If you’ve visited Indian Spring cemetery in Punta Gorda, FL, you’ve probably noticed the highly detailed tree trunk grave stones. These grave markers bear the words ‘Woodmen of the World’ and often feature other similar iconography. According to Waymarking.com “Many of these tree stump monuments stand four to five feet high and show sawed or broken limbs traditionally symbolizing a life cut short.”Continue reading
The most famous prostitute of Punta Gorda was Miss Ollie Brackett. Ollie ran a “disorderly, bawdy house of ill repute” at the west end of Marion Avenue – in those days it was known as the bad part of town. Miss Ollie served a few very select customers herself and managed her “stable” of seven “ponies” who handled the majority of the clientele.
Back in the day there were several brothels here in Punta Gorda. It was a rough pioneer town populated with scores of unmarried cattle men, fishermen, railroad workers and tradesmen. Besides the houses with red lights, there were houseboats of girls on call for fishermen located in what was known as Whore Bay.Continue reading
Juan Ponce de León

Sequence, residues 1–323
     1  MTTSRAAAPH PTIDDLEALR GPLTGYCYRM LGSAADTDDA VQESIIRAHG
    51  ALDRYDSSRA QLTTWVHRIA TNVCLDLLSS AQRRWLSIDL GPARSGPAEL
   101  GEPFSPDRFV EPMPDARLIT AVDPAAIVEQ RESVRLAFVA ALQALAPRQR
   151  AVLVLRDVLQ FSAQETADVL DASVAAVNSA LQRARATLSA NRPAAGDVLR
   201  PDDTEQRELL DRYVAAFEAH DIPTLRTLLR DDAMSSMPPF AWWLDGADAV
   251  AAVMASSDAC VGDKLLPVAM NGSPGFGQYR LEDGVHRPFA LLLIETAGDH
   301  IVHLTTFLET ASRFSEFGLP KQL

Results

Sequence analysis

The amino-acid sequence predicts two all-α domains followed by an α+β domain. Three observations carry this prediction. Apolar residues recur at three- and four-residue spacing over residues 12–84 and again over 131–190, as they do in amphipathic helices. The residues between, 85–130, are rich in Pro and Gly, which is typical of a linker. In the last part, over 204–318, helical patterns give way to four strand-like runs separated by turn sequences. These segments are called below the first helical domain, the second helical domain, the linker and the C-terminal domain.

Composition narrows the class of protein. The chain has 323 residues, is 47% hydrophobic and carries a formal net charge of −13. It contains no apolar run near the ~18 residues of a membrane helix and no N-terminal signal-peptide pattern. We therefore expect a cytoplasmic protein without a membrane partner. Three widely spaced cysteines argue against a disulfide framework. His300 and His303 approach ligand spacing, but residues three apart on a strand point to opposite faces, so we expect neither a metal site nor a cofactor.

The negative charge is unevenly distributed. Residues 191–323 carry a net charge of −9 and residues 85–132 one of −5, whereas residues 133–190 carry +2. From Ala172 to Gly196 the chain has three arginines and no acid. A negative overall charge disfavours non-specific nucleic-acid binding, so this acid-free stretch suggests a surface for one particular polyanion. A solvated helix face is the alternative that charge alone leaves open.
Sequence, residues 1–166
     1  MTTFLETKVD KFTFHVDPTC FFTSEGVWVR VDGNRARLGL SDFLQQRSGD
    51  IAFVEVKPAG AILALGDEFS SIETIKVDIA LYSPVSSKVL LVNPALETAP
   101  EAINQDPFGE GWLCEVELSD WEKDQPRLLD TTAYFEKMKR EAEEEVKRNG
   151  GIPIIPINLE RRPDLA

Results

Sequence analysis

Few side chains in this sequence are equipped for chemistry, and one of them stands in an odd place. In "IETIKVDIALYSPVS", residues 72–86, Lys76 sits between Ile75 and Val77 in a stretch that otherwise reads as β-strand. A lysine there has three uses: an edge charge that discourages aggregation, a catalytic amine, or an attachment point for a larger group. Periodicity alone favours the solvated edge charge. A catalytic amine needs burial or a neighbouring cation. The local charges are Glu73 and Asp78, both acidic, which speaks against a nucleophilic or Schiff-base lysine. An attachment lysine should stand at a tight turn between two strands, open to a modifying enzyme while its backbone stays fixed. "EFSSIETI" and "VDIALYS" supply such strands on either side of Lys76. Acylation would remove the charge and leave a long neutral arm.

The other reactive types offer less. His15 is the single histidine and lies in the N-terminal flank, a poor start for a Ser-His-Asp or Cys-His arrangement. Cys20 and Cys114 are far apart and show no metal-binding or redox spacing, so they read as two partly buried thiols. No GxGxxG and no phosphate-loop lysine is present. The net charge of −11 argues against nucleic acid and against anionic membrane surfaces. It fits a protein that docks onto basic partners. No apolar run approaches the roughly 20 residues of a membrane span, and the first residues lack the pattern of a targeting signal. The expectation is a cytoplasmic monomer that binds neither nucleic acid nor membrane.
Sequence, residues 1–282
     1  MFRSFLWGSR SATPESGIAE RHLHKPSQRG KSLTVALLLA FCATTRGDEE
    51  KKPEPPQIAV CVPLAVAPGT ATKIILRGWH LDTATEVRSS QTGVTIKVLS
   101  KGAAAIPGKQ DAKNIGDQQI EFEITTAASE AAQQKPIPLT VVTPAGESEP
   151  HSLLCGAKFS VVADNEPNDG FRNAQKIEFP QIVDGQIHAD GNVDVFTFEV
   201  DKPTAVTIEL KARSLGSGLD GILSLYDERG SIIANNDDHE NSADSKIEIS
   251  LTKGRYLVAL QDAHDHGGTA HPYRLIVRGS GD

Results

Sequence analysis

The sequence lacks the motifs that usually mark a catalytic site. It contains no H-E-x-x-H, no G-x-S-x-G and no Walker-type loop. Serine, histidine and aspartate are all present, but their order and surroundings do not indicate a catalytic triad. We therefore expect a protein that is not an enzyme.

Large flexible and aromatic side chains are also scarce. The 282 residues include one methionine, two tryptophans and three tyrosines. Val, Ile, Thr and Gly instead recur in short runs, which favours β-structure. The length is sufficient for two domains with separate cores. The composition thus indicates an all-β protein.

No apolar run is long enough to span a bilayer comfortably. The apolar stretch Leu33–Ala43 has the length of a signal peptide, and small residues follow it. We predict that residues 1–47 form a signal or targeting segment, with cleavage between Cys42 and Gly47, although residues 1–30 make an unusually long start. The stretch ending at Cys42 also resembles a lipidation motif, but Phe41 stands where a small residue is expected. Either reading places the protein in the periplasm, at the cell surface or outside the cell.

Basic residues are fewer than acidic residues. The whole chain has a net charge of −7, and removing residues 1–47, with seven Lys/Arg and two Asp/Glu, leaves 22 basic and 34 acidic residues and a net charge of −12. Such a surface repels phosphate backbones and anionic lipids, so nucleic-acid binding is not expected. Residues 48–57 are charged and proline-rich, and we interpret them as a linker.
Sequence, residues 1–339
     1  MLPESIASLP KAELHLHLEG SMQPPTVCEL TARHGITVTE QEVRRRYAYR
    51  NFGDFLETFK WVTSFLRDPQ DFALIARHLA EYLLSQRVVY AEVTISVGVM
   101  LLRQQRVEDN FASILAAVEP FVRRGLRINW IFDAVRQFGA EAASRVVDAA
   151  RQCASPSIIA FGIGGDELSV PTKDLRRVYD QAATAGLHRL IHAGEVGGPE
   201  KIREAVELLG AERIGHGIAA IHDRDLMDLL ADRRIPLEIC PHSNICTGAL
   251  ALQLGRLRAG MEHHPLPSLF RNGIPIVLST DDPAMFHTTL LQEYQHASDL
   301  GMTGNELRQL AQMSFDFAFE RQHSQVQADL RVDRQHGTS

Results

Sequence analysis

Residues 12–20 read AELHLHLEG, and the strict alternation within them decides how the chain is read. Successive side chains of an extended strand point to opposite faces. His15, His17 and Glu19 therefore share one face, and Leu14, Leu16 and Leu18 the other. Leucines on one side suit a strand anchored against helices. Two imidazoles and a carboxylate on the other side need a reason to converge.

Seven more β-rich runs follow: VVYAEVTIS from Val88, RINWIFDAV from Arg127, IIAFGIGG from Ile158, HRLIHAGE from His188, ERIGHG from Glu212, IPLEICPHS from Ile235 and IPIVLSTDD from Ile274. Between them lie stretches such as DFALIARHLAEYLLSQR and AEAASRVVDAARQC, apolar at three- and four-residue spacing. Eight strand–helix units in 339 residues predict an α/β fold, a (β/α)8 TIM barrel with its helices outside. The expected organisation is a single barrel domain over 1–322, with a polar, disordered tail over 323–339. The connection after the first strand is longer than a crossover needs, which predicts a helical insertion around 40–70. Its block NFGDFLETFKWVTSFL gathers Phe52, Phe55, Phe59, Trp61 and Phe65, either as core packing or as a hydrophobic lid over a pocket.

Juan Ponce de León came to what is now Punta Gorda on his second expedition in 1521 with 200 colonists. The Calusa attacked, and Juan took an arrow to his hip. His men tried to pull it out but only got the shaft, and the arrowhead remained in his body.
The entire expedition returned to their ships and headed back to their home base in Cuba. But, it was too late! Juan’s wound had become infected. Noble Spanish explorer Juan Ponce de León is now honored by Punta Gorda with a plaque titled: “The First White Man Dies In America.”Continue reading
Max and Mary Price, first cousins, married in 1946 when Max was 73 and Mary was 80. Max has been credited with many accomplishments in Punta Gorda, including the design of the Price House in History Park, but the research concludes it was actually Mary who owned the property and reconfigured the two homes into one home.
We know Punta Gordans love veterans but back in 1963 the TV show Route 66 told the world a different story in an episode titled Shadows of an Afternoon (season 3, episode 30).